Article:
In other ways, though, the human body does vary biologically from gender to gender. The female brain literally changes when its owner is pregnant, for example, and while women are not as good at feats of speed and strength as men are, there is evidence that suggests they may be better at endurance — for example, although men outperform women in marathons and shorter races, women often run faster than men in the longest ultramarathons. According to Bohannon, this may be because women have more so-called slow-twitch muscle fibers than men, whose bodies favor fast-twitch muscles. The former is better for endurance and the latter better for strength and speed.
Women also may have a marginally better sense of smell and are less likely to be red-green color-blind than men, Bohannon writes — intriguingly, 12 percent of girls are something called tetrachromats, which means that due to an additional type of retinal cone, they have the potential to see the world in four color dimensions rather than the normal three. Bohannon asks us to imagine a world where we appreciate and celebrate these differences rather than casting value judgments.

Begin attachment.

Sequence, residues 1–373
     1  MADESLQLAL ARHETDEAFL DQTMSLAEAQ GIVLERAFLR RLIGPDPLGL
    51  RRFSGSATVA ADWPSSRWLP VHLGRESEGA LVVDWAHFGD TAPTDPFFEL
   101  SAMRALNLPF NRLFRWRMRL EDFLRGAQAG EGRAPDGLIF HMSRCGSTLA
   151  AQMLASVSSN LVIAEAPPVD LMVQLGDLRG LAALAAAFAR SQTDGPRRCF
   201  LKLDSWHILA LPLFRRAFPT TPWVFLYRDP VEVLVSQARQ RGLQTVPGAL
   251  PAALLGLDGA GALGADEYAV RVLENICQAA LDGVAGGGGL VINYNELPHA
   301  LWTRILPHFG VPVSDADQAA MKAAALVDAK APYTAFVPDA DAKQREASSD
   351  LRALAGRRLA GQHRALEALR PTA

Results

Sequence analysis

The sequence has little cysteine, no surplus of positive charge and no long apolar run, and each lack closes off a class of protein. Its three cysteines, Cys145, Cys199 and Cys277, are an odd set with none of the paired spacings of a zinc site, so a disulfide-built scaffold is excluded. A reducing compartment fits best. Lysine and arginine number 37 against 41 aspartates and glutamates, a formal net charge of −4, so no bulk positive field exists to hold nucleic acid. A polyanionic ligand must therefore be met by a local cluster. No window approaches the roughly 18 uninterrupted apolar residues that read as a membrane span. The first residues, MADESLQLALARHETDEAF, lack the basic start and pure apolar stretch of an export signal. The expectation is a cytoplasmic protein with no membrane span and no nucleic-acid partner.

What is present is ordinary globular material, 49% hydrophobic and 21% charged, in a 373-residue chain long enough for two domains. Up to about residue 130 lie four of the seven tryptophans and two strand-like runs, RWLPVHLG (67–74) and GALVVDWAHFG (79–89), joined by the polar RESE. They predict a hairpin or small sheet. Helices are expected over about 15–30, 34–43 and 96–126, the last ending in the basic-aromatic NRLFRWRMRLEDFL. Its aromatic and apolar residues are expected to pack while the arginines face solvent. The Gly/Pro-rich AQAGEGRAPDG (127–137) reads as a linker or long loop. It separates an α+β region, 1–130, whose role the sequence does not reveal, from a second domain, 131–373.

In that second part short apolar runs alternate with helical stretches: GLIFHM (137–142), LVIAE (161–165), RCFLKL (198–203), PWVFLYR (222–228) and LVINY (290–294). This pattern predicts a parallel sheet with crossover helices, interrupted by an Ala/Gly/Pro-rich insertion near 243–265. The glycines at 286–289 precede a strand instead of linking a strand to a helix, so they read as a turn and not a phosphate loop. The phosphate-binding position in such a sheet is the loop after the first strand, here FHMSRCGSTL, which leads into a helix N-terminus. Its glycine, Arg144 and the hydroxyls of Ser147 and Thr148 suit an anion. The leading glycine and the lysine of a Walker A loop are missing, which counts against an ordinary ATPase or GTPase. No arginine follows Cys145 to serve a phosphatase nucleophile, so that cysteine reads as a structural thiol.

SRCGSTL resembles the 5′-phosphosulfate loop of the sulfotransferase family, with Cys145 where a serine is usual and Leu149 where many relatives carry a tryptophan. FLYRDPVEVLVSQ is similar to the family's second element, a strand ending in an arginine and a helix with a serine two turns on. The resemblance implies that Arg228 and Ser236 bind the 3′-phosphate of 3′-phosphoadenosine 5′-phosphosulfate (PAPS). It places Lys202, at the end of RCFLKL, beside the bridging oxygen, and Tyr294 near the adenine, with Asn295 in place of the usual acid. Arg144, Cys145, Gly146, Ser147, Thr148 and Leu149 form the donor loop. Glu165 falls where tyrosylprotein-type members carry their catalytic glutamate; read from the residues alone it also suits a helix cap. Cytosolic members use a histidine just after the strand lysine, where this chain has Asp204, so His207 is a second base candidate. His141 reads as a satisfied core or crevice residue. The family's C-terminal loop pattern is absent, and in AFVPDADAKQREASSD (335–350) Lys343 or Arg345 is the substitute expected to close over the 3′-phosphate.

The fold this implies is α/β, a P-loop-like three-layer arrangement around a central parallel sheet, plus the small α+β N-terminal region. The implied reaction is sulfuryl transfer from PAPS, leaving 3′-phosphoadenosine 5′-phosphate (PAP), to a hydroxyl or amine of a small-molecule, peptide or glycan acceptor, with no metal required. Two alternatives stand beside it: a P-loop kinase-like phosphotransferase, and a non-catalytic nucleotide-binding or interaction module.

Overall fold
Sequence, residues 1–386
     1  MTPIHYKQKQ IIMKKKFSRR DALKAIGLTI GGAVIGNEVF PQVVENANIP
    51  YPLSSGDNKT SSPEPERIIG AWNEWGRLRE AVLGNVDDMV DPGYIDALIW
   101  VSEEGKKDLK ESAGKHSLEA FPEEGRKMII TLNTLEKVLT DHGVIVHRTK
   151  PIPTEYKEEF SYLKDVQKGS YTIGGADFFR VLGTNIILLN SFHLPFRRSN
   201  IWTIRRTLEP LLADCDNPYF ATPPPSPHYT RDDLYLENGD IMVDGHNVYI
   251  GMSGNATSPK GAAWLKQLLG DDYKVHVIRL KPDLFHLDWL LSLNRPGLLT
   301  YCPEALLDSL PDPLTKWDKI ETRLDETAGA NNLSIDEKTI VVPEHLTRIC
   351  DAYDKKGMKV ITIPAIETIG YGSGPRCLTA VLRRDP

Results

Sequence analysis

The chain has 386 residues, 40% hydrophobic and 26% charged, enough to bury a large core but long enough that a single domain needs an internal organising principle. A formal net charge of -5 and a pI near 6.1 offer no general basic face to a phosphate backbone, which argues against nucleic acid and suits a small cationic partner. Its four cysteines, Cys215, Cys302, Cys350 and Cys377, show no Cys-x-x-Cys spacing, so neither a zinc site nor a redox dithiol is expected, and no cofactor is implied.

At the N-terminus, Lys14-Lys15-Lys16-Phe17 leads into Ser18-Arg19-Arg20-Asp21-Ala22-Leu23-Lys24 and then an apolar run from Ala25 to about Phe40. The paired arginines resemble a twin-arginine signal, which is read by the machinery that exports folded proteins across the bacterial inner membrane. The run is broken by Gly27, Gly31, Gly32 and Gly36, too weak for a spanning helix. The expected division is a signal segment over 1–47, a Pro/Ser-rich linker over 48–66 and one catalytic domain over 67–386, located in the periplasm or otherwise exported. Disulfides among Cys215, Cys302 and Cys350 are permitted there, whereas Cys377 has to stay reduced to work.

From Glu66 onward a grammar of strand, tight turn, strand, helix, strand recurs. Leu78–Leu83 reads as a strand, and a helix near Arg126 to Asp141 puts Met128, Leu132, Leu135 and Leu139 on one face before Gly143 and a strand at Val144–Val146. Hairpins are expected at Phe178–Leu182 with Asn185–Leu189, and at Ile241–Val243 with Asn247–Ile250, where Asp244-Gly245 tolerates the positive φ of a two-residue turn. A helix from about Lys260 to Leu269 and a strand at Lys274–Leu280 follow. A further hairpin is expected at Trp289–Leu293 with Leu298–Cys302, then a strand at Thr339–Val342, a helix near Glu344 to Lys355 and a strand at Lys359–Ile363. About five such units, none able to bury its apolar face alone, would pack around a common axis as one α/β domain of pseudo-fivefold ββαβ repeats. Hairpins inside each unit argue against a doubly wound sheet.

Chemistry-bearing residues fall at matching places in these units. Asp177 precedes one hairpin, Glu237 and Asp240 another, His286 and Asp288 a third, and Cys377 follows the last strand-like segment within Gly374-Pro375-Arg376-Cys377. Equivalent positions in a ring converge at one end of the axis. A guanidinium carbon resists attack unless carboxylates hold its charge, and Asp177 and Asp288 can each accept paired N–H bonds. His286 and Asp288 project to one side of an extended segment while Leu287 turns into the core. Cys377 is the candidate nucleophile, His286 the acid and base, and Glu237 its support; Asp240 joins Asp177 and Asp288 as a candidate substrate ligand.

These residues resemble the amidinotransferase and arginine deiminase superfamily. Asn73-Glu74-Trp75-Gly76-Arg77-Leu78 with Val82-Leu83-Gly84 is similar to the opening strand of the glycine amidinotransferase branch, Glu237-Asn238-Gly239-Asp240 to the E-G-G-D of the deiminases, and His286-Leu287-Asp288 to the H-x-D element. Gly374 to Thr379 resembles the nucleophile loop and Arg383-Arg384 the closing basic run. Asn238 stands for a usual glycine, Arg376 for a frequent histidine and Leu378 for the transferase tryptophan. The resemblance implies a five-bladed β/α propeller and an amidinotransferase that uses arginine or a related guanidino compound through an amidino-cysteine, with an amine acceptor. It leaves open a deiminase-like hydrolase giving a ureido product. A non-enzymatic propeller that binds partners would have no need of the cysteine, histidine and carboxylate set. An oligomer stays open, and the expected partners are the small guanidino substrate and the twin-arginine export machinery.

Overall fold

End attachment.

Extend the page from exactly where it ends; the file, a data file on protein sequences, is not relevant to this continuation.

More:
Some of her conclusions are sure to rankle social conservatives, such as her description of the Bruce effect, a mechanism by which many animals’ bodies spontaneously abort unwanted babies, and her related exhortation to consider human abortion natural.
Other theories and ideas, and the hard questions she asks, might also prove challenging for feminists. (Bohannon is clear that she also identifies as a feminist.) Although she states repeatedly that she doesn’t want to rely on the shopworn story of motherhood as the ultimate expression of the female experience, some passages flirt with this trope. She imagines, for example, a mother inventing storytelling by soothing her child with a tale, a speculative scene that hewed too closely to tired narratives for my comfort.